First I admire the sparkling diamond ring adorning my finger. Then I check my reflection in the mirror and adjust my new custom sheitel. We’re getting ready to go to the airport, to board the plane for our family trip to Israel. Of course, this is all in the realm of fantasy, as I have not yet won these prizes in the numerous Chinese auctions I’ve entered to support the various mosdos and organizations that entice me with their beautiful color booklets. No sooner does one arrive in the mail than I curl up and envision each of these fantastic prizes enhancing my home and existence: new furniture, a renovated kitchen, sheitel or jewelry all meant to add to my already swollen accumulation of gashmiyus. I get it: If the organization simply sent me a letter asking for funds it would probably end up in the trash can, or maybe they would get a small donation. But if they tempt me with material rewards for something that should be giving me spiritual rewards, they are assured of higher returns on their investment. Still, I have a nagging feeling that there is something wrong with this picture. The prizes almost always reflect the world’s vision of beauty (long, luxurious manes of hair, sparkling gemstones, gift certificates to upscale shops); wealth (trips to exotic locations, massive silver ritual objects, home makeovers); and technology (computers, cameras and iPads). Yes, some have added practical items to the list (yeshivah tuition, gas cards and grocery money) to seemingly offset the glitz, but those prizes tend to be a little further down in the booklet. I’m a real pushover. It doesn’t matter if the organization is local or out of town or if the prize is something I really want; I’ll probably buy a ticket. This is even more likely to happen if they have an “early bird package” that lets me get even more tickets for the same money.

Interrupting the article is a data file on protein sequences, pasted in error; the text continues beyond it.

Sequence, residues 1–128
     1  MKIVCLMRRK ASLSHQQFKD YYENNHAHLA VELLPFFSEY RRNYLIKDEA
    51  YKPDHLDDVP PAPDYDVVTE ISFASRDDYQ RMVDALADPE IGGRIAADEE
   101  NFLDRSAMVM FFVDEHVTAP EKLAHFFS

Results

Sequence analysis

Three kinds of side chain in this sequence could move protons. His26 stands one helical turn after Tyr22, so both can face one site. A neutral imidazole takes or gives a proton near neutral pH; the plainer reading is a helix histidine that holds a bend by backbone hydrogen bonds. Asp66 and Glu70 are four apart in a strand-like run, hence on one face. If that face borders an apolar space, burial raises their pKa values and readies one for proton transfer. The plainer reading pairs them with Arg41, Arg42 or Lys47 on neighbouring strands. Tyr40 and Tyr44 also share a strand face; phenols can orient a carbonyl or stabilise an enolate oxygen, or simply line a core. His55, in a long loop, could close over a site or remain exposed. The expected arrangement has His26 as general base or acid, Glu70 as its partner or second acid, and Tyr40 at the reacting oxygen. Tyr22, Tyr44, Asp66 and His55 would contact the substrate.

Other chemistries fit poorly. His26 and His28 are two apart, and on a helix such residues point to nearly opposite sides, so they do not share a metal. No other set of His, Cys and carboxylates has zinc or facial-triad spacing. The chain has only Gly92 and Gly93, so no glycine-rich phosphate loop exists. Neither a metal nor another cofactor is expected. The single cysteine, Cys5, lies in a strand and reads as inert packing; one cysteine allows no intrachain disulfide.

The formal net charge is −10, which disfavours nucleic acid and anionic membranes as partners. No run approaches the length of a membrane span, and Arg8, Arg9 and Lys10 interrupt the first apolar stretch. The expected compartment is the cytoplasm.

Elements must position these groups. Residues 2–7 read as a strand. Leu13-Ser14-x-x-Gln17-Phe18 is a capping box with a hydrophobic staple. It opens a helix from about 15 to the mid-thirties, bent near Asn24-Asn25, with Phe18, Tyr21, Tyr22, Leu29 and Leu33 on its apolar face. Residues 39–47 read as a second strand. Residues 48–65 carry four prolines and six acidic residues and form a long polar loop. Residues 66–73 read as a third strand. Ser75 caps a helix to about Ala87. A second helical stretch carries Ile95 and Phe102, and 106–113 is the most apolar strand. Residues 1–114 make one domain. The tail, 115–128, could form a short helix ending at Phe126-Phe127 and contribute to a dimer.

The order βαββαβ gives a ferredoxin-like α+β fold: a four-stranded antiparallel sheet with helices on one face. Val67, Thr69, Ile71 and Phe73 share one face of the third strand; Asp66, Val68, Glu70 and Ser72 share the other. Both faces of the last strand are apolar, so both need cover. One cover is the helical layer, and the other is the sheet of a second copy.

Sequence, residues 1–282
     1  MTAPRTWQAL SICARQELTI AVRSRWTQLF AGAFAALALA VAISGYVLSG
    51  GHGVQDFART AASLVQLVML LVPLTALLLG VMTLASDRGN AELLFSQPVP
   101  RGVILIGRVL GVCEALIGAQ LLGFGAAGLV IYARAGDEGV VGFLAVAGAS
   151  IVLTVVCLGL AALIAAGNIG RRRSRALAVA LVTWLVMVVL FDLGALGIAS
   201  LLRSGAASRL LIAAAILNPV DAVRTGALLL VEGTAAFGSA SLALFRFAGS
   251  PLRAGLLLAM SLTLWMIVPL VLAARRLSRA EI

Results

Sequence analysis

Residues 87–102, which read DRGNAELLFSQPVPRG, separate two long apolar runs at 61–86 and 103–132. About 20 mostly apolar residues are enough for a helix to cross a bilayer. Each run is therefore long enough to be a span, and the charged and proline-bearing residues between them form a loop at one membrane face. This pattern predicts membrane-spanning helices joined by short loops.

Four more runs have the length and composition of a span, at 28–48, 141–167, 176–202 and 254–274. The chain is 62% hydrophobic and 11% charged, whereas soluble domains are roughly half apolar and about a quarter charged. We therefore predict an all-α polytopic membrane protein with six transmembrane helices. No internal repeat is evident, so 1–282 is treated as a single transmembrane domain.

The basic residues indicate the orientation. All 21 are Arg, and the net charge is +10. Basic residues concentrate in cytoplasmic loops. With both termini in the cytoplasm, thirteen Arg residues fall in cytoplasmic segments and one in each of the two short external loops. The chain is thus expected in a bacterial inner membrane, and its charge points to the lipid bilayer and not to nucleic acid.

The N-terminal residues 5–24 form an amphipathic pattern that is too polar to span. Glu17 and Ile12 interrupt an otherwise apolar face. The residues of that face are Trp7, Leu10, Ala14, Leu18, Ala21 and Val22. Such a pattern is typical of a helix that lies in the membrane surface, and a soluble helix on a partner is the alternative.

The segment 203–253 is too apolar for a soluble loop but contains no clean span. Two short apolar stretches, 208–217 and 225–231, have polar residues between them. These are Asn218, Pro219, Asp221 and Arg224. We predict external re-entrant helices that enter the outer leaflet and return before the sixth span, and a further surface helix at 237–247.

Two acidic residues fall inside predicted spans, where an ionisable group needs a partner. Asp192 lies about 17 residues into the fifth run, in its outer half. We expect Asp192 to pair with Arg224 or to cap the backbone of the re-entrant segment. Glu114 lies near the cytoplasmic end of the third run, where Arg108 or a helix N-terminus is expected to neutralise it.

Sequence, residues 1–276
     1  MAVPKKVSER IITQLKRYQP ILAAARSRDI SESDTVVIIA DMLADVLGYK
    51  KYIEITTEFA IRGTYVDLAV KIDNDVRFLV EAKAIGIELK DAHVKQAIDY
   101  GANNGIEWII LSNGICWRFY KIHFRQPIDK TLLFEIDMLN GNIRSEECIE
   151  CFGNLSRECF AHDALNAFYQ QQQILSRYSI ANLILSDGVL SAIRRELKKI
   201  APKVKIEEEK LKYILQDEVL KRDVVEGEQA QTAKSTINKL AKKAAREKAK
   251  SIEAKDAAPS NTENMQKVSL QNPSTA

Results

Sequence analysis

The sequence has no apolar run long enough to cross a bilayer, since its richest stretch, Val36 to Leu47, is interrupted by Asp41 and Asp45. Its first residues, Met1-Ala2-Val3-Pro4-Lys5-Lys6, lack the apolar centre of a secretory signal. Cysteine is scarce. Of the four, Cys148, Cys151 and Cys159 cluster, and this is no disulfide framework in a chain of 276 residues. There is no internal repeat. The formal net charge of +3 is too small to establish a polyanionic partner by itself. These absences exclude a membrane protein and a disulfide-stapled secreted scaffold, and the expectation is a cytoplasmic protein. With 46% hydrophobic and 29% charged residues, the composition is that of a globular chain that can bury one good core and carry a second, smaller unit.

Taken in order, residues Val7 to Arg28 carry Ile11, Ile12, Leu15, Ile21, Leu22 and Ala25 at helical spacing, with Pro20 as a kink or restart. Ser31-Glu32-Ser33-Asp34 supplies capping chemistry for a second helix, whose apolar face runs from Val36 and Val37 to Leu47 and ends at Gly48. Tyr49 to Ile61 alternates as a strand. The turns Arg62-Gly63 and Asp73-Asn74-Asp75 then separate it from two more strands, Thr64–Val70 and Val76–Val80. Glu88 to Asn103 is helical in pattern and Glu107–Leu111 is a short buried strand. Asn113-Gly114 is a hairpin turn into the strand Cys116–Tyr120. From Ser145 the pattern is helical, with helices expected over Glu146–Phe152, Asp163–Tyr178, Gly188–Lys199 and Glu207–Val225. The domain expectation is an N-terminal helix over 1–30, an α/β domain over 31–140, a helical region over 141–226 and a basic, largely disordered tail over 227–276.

While I know that my $18, $36 or $50 donation should probably have gone to a local chesed organization (since “aniyei ircha kodmim,” the poor of your own city take precedence), the lure of the possible win is too great. I know that statistically I don’t have much of a chance, but I make sure to check my phone and email on the day of the drawing to see if perhaps something special is coming my way. (After all, you need only one ticket to win, and if Hashem wants you to…) My connection to some of these organizations is peripheral at best. I know that in my own community there are many people in dire need and wonderful organizations that help them. But they don’t have auctions, so my contributions tend to be more modest. I usually feel guilty when filling out the order forms and tell myself that I should send a check for the same amount to a local chesed fund. And sometimes I even do, but more often than not it gets pushed to the back of my mind until the next auction booklet arrives. Is it really so wrong to want to win a trip to Israel (or perhaps Switzerland) or wish to update my tired old sheitel, or even enhance a mitzvah with a beautiful silver esrog box? Probably not, as I assume these organizations have approbations from gedolim allowing this method of fundraising. But if I’m honest with myself it seems to be the antithesis of “kol kevudah bas melech penimah.” These auctions (to my mind at least) appeal to our base instincts for material goods, and we condone it because the ultimate goal is the mitzvah of tzedakah. But perhaps the time has come to put a stop to this and recognize that the purpose of giving tzedakah is the reward itself, and not the prize that might one day arrive in the mail.